Sébastien Marchand
In a recent JAMA Internal Medicine article, researchers shared their findings showing between 1980 to 2014, the average life expectancy increased in the US.

  • From 77.5 to 81.5 years for women
  • From 70 to 76.7 years for men

However, it varies by as much as 20 years between the worst and best counties around the country.  Several counties in South and North Dakota had some of the shortest lifespans.  In contrast, counties in central Colorado, Alaska, and along the East and West coasts, had the largest increases in life expectancy. (Source, July 2017 issue)  The study’s authors recommend:

Geographic disparities in life expectancy among US counties are large and increasing. Much of the variation in life expectancy among counties can be explained by a combination of socioeconomic and race/ethnicity factors, behavioral and metabolic risk factors, and health care factors. Policy action targeting socioeconomic factors and behavioral and metabolic risk factors may help reverse the trend of increasing disparities in life expectancy in the United States.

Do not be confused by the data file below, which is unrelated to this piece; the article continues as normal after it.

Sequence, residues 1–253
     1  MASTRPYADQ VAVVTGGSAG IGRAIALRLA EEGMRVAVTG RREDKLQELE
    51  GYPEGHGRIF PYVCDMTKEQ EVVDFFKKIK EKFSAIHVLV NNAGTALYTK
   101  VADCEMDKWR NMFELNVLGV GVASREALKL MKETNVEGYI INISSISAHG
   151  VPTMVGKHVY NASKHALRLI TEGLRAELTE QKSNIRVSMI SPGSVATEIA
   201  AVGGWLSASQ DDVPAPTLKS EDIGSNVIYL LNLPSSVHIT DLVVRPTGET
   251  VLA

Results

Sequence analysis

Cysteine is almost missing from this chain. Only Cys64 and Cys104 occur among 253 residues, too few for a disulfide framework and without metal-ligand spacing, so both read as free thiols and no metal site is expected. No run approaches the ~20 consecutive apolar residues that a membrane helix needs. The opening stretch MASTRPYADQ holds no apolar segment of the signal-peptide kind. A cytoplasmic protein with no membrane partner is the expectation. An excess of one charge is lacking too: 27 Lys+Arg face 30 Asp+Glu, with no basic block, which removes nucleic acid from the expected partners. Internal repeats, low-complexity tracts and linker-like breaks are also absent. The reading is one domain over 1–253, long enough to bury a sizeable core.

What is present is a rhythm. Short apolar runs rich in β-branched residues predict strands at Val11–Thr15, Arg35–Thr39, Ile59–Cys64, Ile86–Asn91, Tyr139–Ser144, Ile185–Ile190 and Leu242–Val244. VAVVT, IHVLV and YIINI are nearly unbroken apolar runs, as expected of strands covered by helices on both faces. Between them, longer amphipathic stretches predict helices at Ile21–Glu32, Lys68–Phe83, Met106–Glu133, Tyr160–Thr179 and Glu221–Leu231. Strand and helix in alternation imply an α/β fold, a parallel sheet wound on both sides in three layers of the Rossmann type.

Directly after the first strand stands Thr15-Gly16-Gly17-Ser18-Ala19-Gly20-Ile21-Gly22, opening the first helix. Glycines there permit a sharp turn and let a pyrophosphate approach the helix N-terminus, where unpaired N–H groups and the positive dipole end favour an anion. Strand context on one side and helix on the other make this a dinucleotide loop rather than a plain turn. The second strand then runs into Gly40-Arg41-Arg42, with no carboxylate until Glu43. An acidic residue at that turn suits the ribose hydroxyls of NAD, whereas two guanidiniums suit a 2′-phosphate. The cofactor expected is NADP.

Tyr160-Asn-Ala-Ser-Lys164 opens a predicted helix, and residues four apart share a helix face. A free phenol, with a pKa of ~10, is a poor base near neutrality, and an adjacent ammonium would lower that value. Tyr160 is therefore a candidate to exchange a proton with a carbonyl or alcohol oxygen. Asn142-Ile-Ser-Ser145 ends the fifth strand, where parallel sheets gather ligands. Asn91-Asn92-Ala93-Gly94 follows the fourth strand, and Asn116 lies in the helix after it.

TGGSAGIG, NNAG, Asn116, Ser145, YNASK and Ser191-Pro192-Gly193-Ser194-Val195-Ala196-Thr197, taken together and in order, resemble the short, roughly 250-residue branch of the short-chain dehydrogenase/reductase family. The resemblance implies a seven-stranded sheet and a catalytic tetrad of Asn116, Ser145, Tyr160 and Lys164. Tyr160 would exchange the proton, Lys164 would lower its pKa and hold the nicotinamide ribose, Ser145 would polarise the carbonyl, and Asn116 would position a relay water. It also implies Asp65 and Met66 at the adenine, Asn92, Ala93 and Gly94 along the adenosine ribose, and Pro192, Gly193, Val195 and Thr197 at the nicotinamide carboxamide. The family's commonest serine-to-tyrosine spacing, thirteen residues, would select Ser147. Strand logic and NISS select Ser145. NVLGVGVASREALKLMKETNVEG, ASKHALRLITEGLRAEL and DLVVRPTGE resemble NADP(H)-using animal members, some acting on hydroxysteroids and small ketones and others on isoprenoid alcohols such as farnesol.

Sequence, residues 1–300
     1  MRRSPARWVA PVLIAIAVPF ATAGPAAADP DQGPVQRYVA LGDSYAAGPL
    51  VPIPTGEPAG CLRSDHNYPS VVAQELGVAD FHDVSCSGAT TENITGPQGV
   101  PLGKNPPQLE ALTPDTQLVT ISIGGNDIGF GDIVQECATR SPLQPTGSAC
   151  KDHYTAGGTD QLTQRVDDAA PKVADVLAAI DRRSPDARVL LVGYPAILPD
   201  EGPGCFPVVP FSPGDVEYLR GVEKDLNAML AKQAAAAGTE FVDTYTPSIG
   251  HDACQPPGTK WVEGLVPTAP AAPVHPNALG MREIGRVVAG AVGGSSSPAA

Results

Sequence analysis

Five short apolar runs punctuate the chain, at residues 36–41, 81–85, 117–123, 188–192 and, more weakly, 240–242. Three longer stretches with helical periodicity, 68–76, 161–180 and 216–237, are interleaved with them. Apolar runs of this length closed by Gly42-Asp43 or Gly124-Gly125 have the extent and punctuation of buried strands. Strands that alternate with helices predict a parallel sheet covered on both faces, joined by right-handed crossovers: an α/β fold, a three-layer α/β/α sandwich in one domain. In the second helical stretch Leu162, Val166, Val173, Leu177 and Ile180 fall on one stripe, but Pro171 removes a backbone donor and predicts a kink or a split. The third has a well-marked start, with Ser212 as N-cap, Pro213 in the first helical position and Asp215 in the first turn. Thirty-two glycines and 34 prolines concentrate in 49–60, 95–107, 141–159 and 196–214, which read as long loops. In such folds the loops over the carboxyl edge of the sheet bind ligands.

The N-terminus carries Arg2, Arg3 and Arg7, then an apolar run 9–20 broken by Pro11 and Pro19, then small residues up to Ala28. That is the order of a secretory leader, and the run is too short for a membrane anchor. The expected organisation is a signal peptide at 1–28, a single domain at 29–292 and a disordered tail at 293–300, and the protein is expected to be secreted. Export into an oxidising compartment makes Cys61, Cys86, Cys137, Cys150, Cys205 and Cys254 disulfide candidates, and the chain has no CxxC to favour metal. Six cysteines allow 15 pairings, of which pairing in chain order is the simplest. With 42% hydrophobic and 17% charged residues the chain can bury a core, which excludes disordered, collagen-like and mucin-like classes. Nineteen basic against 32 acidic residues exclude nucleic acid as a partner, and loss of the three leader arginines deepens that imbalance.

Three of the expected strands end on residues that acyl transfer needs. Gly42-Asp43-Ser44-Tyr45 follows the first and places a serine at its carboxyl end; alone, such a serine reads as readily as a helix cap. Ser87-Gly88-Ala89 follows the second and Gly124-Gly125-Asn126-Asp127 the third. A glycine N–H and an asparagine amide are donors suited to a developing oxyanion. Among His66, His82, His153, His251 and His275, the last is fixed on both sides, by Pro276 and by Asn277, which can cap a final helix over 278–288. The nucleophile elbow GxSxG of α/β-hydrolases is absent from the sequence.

As a counterpoint, a recent study from the Max Planck Institute for Demographic Research in Germany found that people who never smoked and who were not obese lived four to five years longer than the general population.  Researchers gathered data from more than 14,000 people in the United States between the ages of 50 and 89 from 1998 to 2012 to reach their conclusions.  Director of the Institute, Mikko Myrskylä, said, “Our results show how important it is to focus on prevention. Those who avoid risky health behaviours are achieving very long and healthy lives. Effective policy interventions targeting health behaviors could help larger fractions of the population to achieve the health benefits observed in this study.”

 

 

 

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